The programmer, like the poet, works only slightly removed from pure thought-stuff. He builds his castles in the air, from air, creating by exertion of the imagination. Few media of creation are so flexible, so easy to polish and rework, so readily capable of realizing grand conceptual structures.Few would expect a man with a Ph.D. in Math, who is best known for his work writing software at IBM, to wax so so eloquently about the process of writing software. Yet this quote captures precisely the lure of programming for many who practice its art -- the idea that we can build whatever world we want, following whatever rules we imagine, and populated with creatures of our own design. What a heady experience! Writing a program provides a kind of thrill that is hard to replicate. I built this. It is all mine and I am its God. An engineer who designs bridges is limited to the rules of nature, and must consider the stress on the structure and whether it is safe for people to drive on. They better take into account the impact of wind on the stability of the bridge:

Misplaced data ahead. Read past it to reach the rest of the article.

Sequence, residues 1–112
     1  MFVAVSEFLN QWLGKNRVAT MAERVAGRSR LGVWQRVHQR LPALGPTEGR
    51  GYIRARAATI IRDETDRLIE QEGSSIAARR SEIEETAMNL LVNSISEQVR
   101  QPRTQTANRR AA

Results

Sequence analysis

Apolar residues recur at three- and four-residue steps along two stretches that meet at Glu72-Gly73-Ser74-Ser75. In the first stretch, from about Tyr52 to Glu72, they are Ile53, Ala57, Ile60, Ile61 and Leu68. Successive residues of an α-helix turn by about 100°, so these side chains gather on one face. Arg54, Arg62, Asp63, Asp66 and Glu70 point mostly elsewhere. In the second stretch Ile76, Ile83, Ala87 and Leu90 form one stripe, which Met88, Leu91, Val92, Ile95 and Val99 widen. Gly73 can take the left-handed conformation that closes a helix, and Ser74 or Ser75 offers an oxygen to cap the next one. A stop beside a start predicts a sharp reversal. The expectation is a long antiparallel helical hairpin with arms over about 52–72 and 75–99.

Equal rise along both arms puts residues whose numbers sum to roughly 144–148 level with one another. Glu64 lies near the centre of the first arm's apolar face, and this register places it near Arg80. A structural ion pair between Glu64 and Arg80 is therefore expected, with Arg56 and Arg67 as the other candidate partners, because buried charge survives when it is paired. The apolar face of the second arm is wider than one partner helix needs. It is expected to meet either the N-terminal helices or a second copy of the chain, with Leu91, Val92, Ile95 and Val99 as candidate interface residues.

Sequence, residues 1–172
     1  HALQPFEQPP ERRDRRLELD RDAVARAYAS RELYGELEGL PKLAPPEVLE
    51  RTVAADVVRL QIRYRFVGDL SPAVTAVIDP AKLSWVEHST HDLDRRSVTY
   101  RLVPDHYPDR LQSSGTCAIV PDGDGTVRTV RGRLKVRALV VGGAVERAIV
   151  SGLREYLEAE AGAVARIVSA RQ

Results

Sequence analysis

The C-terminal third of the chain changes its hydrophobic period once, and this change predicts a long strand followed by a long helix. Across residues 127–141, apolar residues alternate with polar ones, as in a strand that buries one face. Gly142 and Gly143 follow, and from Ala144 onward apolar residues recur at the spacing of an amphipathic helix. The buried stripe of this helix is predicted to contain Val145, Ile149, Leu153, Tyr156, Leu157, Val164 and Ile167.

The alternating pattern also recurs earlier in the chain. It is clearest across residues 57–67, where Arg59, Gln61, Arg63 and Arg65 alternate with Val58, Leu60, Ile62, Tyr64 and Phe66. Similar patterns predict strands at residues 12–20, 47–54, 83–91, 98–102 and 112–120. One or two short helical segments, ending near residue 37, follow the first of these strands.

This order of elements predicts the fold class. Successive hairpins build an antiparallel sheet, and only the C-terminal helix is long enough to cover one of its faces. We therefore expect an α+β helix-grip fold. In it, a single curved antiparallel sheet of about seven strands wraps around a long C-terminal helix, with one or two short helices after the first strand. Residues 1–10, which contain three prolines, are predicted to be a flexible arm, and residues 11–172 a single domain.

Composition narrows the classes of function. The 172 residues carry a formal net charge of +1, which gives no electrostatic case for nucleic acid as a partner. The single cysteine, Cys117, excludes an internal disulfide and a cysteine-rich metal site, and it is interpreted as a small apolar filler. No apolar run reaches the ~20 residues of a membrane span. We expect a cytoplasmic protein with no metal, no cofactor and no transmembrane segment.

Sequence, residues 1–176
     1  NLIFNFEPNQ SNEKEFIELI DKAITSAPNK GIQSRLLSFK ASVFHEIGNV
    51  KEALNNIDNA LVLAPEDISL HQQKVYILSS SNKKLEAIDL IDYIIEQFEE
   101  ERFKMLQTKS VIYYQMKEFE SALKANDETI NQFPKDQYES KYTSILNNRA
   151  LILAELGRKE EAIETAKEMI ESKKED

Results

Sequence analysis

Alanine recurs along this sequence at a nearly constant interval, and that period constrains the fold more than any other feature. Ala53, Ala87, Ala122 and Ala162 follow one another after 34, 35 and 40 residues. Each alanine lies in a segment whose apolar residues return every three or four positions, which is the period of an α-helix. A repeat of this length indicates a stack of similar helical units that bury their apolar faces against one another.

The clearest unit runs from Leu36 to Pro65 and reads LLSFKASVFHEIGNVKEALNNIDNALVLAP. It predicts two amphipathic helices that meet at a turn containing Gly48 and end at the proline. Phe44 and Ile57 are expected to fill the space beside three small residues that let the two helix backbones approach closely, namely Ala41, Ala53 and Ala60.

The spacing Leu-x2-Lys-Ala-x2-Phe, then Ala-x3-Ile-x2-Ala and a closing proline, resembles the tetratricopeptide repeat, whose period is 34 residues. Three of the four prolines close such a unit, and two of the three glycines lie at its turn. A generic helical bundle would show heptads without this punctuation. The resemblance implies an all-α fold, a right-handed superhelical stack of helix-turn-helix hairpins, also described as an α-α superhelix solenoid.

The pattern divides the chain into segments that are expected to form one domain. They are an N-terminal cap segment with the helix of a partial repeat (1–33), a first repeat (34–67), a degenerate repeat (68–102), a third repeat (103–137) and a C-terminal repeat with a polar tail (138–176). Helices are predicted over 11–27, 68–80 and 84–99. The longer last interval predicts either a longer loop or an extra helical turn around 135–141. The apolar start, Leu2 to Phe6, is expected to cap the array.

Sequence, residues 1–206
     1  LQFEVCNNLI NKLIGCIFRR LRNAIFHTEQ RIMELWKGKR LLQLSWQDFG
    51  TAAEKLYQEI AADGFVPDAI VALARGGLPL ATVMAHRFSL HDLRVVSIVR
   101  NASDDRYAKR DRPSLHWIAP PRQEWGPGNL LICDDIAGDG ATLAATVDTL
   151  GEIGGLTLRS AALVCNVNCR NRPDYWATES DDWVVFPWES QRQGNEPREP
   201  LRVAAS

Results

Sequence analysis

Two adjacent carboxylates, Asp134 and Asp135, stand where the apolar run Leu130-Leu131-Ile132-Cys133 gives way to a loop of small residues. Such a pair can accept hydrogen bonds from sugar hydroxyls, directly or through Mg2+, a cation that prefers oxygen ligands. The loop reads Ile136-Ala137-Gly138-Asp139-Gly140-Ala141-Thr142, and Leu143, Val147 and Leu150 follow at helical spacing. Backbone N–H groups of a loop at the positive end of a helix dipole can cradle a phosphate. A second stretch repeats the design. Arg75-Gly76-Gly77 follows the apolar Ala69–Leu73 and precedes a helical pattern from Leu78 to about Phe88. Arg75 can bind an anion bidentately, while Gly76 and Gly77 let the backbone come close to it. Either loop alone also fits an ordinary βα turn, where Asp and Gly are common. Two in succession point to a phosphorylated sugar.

As my colleague Charles Knutson likes to say, computer scientists have no such limitations -- we can build a bridge that flies!
Leonardo da Vinci chose to create his own world when painting the Last Supper, one in which the apostles are engaged in a variety of activities, rather than staring piously at the viewer. He set the rules for perspective, he chose how the characters looked and acted.
Compare this to Salvadore Dali's surrealistic rendition, which creates an entirely different world of transparency and arithmetic.
Is a programmer more a scientist or an artist?
In a physical world that is made smaller through modern transportation and communication technologies, virtual worlds continue to offer voyages of discovery.